Appellant was convicted of three counts of burglary. On appeal, he enumerates as error the partial denial of his motion to suppress the fruits of two searches of his car and a jury instruction regarding threats allegedly made by appellant to a witness for the State.
1. Appellant's car was searched twice, once at the location where it was found by a law enforcement officer and again at a lot where it had been impounded. The trial court suppressed the evidence seized in the second search, but denied appellant's motion to suppress the fruits of the first search.
The evidence at the hearing on the motion to suppress authorized the trial court to conclude that the following events occurred. A law enforcement officer who was looking for appellant saw a parked car resembling appellant's and proceeded to investigate. Looking through the window of appellant's car, the officer saw a shotgun on the rear floorboard matching the description of a shotgun of distinctive appearance which had been stolen in a burglary of which appellant was suspected. The officer had the car opened, seized the shotgun, and then found a handgun stolen in the same burglary and jewelry stolen in the other two burglaries for which appellant was convicted.
"Under the 'plain view' doctrine, a law enforcement officer has a right to visually search the entirety of a car from his vantage point on a street or roadside. [Cit.] The viewing need not be motivated by an articulable suspicion. On the contrary, law enforcement officers simply have the right to look into automobiles, so long as they have a legitimate reason and are looking from a place in which they have a right to be (e.g., a street or roadside). Any incriminating evidence they have the fortune to see in plain view may be seized and later admitted as evidence. [Cit.] Moreover, any additional evidence discovered within the confines of Unites States v. Ross, supra, would also be admissible evidence." State v. Key, 164 Ga. App. 411
, 412 (296 SE2d 60
The searching officer in the present case found a car matching the description of appellant's car, including the license plate number, and was able to look into the windows of the car from a vantage point on the parking lot of a retail establishment. Under those circumstances, as applied to the holding in Key, supra, we find no error in the denial of appellant's motion to suppress the fruits of the search of the interior of the car.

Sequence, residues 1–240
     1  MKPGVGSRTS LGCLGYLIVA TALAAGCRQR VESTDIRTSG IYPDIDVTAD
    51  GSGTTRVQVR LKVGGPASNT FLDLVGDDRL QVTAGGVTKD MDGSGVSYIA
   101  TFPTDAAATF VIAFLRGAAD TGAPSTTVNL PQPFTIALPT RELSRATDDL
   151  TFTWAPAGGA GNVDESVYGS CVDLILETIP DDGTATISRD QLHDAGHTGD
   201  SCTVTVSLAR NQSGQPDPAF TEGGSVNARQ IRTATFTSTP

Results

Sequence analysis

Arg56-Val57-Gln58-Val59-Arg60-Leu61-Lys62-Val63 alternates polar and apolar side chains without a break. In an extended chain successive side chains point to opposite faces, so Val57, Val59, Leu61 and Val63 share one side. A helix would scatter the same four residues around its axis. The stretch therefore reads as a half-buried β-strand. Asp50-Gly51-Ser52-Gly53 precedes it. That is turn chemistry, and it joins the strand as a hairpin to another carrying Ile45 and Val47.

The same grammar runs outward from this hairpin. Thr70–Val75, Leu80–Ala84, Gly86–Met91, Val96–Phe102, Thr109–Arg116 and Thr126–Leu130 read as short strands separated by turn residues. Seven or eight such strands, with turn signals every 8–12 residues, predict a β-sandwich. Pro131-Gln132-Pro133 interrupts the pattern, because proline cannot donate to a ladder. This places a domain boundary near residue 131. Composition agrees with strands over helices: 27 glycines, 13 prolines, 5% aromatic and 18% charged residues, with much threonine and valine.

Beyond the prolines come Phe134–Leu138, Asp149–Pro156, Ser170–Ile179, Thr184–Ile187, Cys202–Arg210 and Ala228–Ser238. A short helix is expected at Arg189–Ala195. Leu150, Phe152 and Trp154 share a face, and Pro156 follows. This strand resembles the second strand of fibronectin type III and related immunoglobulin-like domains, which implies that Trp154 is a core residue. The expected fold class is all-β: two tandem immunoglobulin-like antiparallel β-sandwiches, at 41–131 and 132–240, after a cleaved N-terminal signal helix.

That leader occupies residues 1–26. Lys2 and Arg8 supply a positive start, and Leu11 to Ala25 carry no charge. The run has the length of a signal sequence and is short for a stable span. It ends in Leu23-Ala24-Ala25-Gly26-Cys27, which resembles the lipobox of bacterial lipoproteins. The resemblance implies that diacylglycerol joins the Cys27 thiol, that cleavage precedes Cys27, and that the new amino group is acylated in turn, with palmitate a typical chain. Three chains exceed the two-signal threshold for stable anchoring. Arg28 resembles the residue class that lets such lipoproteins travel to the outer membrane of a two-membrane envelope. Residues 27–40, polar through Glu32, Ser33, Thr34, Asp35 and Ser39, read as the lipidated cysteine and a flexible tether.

2. In his second enumeration of error, appellant complains that the trial court expressed an opinion as to facts in this case by instructing the jury that appellant "had threatened the witness, Tommy Young." Our scrutiny of the record reveals that appellant has omitted a relevant portion of the questioned jury instruction which actually reads: "Now, Members of the Jury, you have heard testimony that the defendant, Charles Thomas Williams, had threatened the witness, Tommy Young." We find no expression of opinion in that clear and correct statement of the fact that there was testimony to that effect. The purpose for the trial court's statement was to preface a statement of the law pertaining to that testimony. " 'No proposition of law can be laid down without some implication of a state of facts as by possibility existing.' " Sheppard v. State, 44 Ga. App. 481 (7) (162 SE 413) (1931). The second enumeration of error is without merit.
3. The third enumeration of error addresses the jury instruction for which the sentence discussed in the preceding division of this opinion served as a preface. The trial court went on to charge the jury that they could consider a deliberate effort to obstruct justice or avoid punishment, if such an effort were proven, and that the weight to be given such a fact, if proven, was for the jury to decide, as was the question of whether the jury would infer from that fact a consciousness of guilt. That instruction comports with the holding in Conner v. State, 160 Ga. App. 202 (4) (286 SE2d 441) (1981)
There was testimony that appellant called a witness' sister prior to trial and told her to have her brother call appellant and that if her brother testified against appellant, there would be trouble. "To justify a charge on a given subject, it is not necessary there should be compelling evidence giving rise to that point; it is enough if there be something from which a legitimate process of reasoning can be drawn from it by the jury. [Cit.]" Garnett v. State, 167 Ga. App. 792
, 793 (307 SE2d 692
) (1983). We find the evidence of a threat by appellant against a witness sufficient in this case to warrant the jury instruction enumerated as error.
Sam B. Sibley, Jr., District Attorney, Charles R. Sheppard, Assistant District Attorney, for appellee.